Courtesy Sage Kitchen
Courtesy Sage Kitchen
We love this recipe all year round but it’s never more appropriate than on Tu B’Shvat. The mix of dried fruits and nuts gives a great texture to the couscous but more importantly fulfills a centuries old custom of the holiday.
4 cups of chicken, vegetable, or beef broth (ideally homemade). Water can also be used, but you’ll be missing an opportunity to add some real flavor to the couscous
2 cups of Israeli couscous
2 tablespoons of extra virgin olive oil
2 tablespoons of kosher salt
2 cups of onion, diced
1 cup of mixed nuts (almonds, pistachio, and pecans are our favorite)
1 cup of mixed dried fruit (currants, apricots, and figs are our favorite)
1 lemon, juiced
1 teaspoon of allspice
1 teaspoon of cinnamon
1 teaspoon of cumin
1 teaspoon of paprika
¼ cup of vegetable oil
Salt and pepper to taste, for finishing
In a medium saucepan, add the broth, extra virgin olive oil, and kosher salt and bring to a boil over medium heat. Cover and reduce the heat to low, maintaining a nice simmer on the broth.
Meanwhile, heat the vegetable oil in a large sauté pan over medium heat. When the oil is shimmering, add the onion, salt to taste, and caramelize the onions until they are golden brown, making sure to stir often to prevent the onions from burning. [Most recipes underestimate how long the caramelization process takes, but it should, realistically, take around 30 to 40 minutes. Be patient, the reward is worth it!] Once the onions have caramelized, add the cinnamon, allspice, cumin, and paprika.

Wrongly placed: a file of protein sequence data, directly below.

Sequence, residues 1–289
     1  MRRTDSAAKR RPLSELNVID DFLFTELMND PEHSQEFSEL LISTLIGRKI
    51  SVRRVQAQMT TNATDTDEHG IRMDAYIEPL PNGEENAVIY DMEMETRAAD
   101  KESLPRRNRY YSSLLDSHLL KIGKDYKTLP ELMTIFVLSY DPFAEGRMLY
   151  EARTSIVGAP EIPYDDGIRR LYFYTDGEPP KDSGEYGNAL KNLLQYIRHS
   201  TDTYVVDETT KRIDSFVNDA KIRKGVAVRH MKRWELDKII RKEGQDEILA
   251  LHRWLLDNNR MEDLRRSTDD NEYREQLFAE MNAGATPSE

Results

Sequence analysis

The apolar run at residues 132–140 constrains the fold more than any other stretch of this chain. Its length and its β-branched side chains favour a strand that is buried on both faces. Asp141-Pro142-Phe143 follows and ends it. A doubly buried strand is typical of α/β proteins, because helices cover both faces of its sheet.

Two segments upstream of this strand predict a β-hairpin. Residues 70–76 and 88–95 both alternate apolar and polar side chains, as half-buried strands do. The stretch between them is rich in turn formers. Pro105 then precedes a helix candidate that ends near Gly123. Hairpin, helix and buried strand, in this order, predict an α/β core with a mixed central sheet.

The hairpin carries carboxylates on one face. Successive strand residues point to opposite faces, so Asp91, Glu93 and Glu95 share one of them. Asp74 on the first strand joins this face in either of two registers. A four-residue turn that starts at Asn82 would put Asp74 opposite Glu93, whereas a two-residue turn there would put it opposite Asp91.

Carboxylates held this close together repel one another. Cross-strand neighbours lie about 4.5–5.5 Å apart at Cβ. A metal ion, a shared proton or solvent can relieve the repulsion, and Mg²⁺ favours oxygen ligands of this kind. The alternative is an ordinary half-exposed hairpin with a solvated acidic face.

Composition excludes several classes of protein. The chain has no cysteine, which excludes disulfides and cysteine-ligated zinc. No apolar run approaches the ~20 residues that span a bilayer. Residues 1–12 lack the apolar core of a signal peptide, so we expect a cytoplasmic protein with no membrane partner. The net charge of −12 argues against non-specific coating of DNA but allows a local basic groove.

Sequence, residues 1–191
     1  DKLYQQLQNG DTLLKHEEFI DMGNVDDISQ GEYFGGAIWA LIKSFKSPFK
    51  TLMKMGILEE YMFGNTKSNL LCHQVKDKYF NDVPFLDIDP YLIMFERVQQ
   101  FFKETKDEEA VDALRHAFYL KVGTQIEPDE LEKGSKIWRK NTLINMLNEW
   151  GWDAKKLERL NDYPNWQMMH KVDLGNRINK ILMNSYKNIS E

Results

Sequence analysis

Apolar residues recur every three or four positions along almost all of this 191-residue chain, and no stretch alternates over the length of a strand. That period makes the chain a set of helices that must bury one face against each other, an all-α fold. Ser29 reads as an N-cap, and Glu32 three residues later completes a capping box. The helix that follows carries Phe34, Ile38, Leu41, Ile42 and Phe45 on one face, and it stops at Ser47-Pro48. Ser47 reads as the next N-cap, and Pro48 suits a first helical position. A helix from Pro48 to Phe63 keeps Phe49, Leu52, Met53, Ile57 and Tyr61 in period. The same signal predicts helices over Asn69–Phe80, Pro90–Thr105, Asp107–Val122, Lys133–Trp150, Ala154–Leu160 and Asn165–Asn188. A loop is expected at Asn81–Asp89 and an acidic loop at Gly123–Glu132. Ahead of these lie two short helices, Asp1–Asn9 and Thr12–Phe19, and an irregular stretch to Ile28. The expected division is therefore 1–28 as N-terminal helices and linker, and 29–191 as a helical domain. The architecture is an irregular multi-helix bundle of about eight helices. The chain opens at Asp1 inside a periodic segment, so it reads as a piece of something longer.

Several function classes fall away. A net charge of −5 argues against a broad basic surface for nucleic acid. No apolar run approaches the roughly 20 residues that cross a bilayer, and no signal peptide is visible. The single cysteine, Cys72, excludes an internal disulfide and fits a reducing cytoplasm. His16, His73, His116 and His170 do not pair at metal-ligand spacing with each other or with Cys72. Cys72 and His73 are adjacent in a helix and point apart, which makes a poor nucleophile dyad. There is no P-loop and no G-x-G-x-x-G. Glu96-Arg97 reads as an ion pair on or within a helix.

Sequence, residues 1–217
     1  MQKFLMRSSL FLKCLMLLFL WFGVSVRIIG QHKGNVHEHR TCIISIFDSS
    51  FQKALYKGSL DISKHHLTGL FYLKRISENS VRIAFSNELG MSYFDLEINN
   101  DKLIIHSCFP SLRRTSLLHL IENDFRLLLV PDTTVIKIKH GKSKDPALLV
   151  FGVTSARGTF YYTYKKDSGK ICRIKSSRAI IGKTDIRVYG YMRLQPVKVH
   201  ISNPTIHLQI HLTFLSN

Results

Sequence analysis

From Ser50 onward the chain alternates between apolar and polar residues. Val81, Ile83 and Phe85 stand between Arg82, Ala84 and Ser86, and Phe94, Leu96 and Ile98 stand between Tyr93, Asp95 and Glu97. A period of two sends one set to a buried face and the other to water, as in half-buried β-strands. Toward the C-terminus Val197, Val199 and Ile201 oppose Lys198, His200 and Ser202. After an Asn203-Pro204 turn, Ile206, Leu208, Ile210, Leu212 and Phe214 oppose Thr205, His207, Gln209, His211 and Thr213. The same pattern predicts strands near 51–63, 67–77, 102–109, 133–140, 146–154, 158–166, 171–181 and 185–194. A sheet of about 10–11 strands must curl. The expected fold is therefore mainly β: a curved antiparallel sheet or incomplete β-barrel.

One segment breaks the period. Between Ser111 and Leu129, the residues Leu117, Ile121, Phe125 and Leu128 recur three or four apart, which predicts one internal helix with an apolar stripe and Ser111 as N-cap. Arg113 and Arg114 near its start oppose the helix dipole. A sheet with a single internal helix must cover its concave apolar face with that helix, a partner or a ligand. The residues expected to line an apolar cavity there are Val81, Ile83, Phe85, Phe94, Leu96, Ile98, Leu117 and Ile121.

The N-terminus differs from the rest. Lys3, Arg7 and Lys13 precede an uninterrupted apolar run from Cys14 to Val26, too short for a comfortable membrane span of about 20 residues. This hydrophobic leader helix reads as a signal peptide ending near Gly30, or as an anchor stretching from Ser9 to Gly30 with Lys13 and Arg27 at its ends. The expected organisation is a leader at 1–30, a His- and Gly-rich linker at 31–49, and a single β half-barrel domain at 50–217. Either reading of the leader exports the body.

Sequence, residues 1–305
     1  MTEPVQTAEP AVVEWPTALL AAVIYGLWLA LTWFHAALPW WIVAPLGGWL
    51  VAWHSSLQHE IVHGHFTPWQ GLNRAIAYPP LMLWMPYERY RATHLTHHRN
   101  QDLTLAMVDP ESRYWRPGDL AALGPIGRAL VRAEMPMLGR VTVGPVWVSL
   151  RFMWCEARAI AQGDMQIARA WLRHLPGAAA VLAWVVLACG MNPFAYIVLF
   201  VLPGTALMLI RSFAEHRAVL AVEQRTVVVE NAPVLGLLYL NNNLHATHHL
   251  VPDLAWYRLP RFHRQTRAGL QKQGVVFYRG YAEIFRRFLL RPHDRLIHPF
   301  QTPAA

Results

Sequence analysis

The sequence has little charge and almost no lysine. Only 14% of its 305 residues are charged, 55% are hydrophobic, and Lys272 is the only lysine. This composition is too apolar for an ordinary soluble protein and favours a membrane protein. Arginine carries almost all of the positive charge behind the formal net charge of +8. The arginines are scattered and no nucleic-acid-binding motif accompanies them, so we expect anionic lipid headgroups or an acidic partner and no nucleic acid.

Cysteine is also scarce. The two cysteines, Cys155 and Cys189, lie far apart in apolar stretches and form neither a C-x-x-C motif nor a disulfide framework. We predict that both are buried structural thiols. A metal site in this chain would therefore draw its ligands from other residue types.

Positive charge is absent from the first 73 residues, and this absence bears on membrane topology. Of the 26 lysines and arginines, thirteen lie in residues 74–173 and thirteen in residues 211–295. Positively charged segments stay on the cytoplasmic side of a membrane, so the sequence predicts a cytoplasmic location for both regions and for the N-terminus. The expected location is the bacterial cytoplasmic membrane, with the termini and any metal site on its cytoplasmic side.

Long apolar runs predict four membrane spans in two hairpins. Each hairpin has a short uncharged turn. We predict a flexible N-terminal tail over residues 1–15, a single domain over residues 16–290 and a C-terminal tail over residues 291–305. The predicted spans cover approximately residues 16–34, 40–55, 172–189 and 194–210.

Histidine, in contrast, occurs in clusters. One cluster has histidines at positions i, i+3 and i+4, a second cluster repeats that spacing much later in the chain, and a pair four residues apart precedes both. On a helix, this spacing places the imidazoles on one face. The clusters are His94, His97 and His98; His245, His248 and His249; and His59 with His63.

the broth is simmering, slowly add the couscous to the saucepan, making sure to stir at the same time. Once all the couscous has been added, turn off the heat and cover the saucepan. Let sit for 5 minutes. The couscous will cook and puff up from the residual heat and steam. Remove the lid and draw a fork the couscous repeatedly until the couscous is separated and “fluffy”. Let the couscous sit and cool for 15 minutes.
Once cooled, mix the couscous and onions with the mixed nuts and mixed fruits. Add lemon juice, extra virgin olive oil, and salt and pepper to taste to finish.
This recipe was contributed by Sage Kitchen a full-service kosher catering company based in Manhattan.